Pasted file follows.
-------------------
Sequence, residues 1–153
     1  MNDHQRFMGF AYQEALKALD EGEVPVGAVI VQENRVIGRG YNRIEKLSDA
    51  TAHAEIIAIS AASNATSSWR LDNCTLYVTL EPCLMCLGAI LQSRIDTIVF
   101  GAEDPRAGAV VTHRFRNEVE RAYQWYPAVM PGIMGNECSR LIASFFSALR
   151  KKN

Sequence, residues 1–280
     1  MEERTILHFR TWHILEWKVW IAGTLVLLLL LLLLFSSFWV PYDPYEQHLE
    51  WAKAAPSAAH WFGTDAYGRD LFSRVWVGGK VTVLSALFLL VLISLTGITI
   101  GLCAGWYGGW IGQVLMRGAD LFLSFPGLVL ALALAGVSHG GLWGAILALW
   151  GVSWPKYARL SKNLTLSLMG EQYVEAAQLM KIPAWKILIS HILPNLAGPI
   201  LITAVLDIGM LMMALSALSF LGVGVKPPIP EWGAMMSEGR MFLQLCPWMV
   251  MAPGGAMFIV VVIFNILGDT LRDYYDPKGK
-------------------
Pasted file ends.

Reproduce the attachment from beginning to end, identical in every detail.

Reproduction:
Sequence, residues 1–153
     1  MNDHQRFMGF AYQEALKALD EGEVPVGAVI VQENRVIGRG YNRIEKLSDA
    51  TAHAEIIAIS AASNATSSWR LDNCTLYVTL EPCLMCLGAI LQSRIDTIVF
   101  GAEDPRAGAV VTHRFRNEVE RAYQWYPAVM PGIMGNECSR LIASFFSALR
   151  KKN

Sequence, residues 1–280
     1  MEERTILHFR TWHILEWKVW IAGTLVLLLL LLLLFSSFWV PYDPYEQHLE
    51  WAKAAPSAAH WFGTDAYGRD LFSRVWVGGK VTVLSALFLL VLISLTGITI
   101  GLCAGWYGGW IGQVLMRGAD LFLSFPGLVL ALALAGVSHG GLWGAILALW
   151  GVSWPKYARL SKNLTLSLMG EQYVEAAQLM KIPAWKILIS HILPNLAGPI
   201  LITAVLDIGM LMMALSALSF LGVGVKPPIP EWGAMMSEGR MFLQLCPWMV
   251  MAPGGAMFIV VVIFNILGDT LRDYYDPKGK